William Shatner is facing the real final frontier for all humans: our inevitable death.
At 91, the most famous “Star Trek” captain, who made history as the oldest space traveler last year with Blue Origin, writes as if the Earth is floating past his capsule window in his new collection of personal essays, "Boldly Go: Reflections on a Life of Awe and Wonder" (Atria, 256 pp., out now).
“I’ve gotten to the point where I'm thinking, 'I'm breathing here. I must be alive.'" Shatner tells USA TODAY. "The concept of death is not unfamiliar to me. So what am I thinking and how am I dealing with that?"
"I'm trying to show how we're all united by every means possible," he says. "And how that unification is the unification of the universe."
Q: 'Boldly Go" discusses the minor final fight and strained relationship with Leonard Nimoy toward the end of his life. What caused the rift?
William Shatner: No rift. Just a separation. I never understood it. I kept trying to get ahold of him, sending him messages. When you get really ill, you don't want to see anybody. Maybe that was it. And he died, and I thought, "What happened?" Then I thought, "Well, it's me again, I guess." But his daughter (Julie) came to me and said, "He loved you." The universe is sending me messages back that whatever happened, he loved me as I loved him. Like a brother. He was my brother. We shared a lifetime.
Nichelle Nichols, who died in July, broke the news to you that "Star Trek" cast members found you difficult during and past the TV show's famed run. You had no idea?
Still shocked, with all the years to reflect and writing in this book?
I have no idea what they're talking about, which may mean they're prejudiced or I'm so inured to people's reactions that I'm living in my own little world. And I don't know which it is. I strive every day to find out. It's so bizarre that I've ceased to talk or think about it. Because I think they are the problem, not me. It's a really good attitude to have in life. Isn't it?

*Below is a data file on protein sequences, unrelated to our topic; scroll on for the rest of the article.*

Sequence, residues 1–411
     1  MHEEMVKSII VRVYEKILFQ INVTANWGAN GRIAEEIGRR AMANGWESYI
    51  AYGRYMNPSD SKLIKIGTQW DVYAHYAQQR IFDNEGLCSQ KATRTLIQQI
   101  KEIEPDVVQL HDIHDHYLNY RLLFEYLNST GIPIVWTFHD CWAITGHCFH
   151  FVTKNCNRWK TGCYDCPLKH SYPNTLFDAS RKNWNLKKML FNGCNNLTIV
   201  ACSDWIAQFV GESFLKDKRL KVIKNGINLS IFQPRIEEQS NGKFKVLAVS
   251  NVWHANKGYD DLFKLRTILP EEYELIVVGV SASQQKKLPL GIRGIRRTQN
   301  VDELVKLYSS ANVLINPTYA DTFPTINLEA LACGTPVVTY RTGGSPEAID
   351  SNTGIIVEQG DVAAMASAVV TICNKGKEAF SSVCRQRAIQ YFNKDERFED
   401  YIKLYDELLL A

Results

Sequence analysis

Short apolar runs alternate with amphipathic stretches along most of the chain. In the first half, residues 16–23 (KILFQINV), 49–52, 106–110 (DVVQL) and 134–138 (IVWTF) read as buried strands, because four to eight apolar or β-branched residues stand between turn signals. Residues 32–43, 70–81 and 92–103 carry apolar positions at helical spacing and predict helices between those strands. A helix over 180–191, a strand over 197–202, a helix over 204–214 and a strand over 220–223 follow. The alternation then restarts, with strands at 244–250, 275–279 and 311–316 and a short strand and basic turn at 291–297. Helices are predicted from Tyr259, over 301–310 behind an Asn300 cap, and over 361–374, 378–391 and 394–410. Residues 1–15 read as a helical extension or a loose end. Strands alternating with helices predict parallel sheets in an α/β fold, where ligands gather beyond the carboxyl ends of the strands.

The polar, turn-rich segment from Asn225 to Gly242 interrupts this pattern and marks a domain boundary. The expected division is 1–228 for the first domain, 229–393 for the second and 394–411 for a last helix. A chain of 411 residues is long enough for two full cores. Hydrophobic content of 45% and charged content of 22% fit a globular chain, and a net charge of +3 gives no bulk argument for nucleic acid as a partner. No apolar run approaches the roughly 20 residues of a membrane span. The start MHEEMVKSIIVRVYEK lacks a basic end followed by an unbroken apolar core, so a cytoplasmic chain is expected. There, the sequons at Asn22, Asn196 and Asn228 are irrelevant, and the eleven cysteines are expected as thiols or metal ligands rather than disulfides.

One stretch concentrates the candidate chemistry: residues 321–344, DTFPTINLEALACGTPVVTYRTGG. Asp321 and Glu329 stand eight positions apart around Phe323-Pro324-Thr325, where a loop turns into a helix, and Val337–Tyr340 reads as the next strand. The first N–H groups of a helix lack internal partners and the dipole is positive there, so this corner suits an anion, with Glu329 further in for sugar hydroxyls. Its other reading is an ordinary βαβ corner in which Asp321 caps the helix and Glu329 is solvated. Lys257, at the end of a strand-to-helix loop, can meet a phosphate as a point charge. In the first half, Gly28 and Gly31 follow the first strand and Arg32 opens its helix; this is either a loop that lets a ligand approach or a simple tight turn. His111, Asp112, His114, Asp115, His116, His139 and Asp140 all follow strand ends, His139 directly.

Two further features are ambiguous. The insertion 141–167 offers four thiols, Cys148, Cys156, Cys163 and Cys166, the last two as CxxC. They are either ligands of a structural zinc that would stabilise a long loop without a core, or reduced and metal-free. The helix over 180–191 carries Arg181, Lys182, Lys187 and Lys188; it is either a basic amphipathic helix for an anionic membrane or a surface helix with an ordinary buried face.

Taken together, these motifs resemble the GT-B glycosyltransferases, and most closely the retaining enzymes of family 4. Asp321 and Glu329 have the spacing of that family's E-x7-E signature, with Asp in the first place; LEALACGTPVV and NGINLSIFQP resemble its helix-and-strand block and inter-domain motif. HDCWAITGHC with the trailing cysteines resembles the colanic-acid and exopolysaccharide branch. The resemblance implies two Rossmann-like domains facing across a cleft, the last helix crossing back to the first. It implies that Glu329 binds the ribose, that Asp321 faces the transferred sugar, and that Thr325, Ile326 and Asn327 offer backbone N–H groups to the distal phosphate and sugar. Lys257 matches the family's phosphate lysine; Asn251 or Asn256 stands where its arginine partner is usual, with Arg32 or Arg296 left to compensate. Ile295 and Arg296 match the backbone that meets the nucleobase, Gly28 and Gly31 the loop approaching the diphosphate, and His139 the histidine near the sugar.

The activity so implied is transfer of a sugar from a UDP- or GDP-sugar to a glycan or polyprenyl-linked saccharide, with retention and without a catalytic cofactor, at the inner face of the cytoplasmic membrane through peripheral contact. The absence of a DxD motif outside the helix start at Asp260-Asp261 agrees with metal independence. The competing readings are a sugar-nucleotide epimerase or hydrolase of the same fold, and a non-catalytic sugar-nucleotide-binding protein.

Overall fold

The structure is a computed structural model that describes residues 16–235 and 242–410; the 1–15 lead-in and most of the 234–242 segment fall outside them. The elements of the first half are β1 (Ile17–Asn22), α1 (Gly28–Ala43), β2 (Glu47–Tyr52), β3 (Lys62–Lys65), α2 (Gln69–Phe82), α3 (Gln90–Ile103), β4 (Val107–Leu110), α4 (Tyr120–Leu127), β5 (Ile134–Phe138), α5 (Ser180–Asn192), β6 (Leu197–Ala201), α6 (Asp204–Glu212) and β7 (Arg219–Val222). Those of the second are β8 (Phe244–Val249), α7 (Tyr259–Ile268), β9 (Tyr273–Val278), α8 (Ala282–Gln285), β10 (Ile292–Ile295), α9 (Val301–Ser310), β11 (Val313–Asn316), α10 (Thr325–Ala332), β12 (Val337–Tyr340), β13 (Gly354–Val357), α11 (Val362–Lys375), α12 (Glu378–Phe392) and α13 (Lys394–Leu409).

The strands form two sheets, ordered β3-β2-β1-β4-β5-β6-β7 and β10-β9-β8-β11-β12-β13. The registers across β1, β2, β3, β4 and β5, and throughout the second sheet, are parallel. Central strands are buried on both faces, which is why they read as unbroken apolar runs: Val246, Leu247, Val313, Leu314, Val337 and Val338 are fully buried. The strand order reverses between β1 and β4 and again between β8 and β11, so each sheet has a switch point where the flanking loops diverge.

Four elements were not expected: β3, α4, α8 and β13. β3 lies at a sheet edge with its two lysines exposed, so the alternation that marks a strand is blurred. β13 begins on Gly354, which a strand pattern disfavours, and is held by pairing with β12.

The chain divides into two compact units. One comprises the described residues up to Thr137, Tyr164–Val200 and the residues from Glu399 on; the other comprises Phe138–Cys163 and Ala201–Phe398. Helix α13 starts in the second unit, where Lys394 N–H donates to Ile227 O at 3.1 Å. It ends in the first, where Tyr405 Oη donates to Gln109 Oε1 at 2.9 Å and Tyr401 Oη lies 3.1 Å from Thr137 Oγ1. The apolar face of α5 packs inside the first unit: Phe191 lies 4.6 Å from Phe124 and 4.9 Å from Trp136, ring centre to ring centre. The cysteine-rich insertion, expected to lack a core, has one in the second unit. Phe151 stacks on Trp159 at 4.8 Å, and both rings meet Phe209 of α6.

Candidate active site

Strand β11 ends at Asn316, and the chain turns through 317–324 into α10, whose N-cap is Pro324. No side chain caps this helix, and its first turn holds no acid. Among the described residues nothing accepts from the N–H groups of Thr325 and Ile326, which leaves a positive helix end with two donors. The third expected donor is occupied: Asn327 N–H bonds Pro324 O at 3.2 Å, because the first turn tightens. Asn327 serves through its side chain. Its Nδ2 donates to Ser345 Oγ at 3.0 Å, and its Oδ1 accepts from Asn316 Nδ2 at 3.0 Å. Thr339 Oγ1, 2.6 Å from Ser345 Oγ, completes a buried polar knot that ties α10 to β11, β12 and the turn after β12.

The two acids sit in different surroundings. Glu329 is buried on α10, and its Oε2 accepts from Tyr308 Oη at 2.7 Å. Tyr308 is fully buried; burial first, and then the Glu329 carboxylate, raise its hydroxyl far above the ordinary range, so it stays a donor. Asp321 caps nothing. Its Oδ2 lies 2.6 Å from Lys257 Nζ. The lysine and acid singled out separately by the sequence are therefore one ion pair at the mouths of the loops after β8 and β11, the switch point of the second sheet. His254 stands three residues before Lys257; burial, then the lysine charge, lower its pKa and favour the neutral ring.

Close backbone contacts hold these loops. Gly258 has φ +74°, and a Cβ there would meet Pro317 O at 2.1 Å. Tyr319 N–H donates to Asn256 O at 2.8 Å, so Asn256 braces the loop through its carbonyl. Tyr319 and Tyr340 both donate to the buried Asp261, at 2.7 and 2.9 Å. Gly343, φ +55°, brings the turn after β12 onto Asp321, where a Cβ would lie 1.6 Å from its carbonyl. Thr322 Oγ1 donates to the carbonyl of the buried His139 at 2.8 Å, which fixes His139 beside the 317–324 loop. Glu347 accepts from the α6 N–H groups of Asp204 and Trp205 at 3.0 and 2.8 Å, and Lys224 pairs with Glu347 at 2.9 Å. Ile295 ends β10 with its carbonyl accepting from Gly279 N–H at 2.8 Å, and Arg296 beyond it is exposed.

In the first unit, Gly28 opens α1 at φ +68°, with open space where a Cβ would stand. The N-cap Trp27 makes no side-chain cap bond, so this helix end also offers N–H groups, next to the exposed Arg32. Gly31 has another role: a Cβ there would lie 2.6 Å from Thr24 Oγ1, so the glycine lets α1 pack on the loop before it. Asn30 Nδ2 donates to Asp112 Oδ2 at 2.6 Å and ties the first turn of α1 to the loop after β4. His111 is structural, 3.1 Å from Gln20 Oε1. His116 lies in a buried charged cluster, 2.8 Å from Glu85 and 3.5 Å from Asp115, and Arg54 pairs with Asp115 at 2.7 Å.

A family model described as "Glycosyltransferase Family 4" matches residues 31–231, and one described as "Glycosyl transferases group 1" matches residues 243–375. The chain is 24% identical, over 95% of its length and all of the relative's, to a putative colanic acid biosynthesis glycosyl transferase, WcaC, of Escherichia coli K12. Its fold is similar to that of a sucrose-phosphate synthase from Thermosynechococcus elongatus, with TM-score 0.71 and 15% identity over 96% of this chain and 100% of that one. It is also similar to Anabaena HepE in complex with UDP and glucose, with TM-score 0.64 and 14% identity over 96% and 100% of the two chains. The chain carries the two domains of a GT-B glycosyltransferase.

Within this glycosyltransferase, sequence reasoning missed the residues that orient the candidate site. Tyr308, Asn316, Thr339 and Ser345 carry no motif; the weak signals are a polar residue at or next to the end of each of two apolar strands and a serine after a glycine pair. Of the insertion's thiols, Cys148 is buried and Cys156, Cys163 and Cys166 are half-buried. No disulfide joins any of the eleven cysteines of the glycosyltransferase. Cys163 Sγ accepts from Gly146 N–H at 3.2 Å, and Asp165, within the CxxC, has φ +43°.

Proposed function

There's time to extend an olive branch to George Takei, who called you a "guinea pig" after your Blue Origin flight. Might you?
Why would George Takei put that in public? After I came down from space – had this experience, talked about global warming – he would say, "Oh, they probably used him because he was the oldest guy that would go up." He was so mean-spirited. Again, there is no reason. And I don't give a cup of tea what his opinion is. But that's a guy who's not well.
William Shatner on Blue Origin: Still reeling from his trip to space: 'We all need a wake-up call'
You admit that you were serious in 1968's album "The Transformed Man" as opposed to playing some cosmic joke. Please explain.
When I was asked to do an album, I said, "I've got this concept of great literature with music underneath it and segue to what is great literature today, which is the songs." Which I did with great enthusiasm for living. I thought it was very avant-garde. But it just didn't work. I yearned to make music even though I can't sing. Yet, I'm poetic.
Your music has come to be vindicated in collaborations with musicians such as Ben Folds and hit albums. But what was it like to see Johnny Carson mouth an expletive as you sang "Tambourine Man" on "The Tonight Show"?
Luckily, I finished the song. I had some awful experiences with Johnny Carson. I was invited on his show a number of times, and I apparently was successful sometimes. But he would get a hate-on for people like, you're not coming back.
Did writing this book help come to terms with dying?
It helps because the fear of death is based on the unknown. I'm going to leave my home, leave everything behind and never see my loved ones again. These thoughts assail me. I'll never do another USA TODAY interview. I'm not religious. It's like, will I go through the pearly gates and God's going to bring me to everybody from my past? My dad died at 68. Can you make him 50? I'll use the neutral word. It's such an interesting way of thinking of the afterlife. That's difficult for me to come to grips with. Writing a book was fun. But it's still just as confusing as it ever was.
What do you think happens when we die?
I tend to think it's just over. You die and that's it. Your body goes back. I want to be a tree. I'm going to have my ashes taken and plant a tree over them. A redwood tree. So instead of a piece of stone, there's this living thing that is nourished by my remains and continues on.
This article originally appeared on USA TODAY: William Shatner's 'Boldly Go': Talks dying, 'Star Trek,' Leonard Nimoy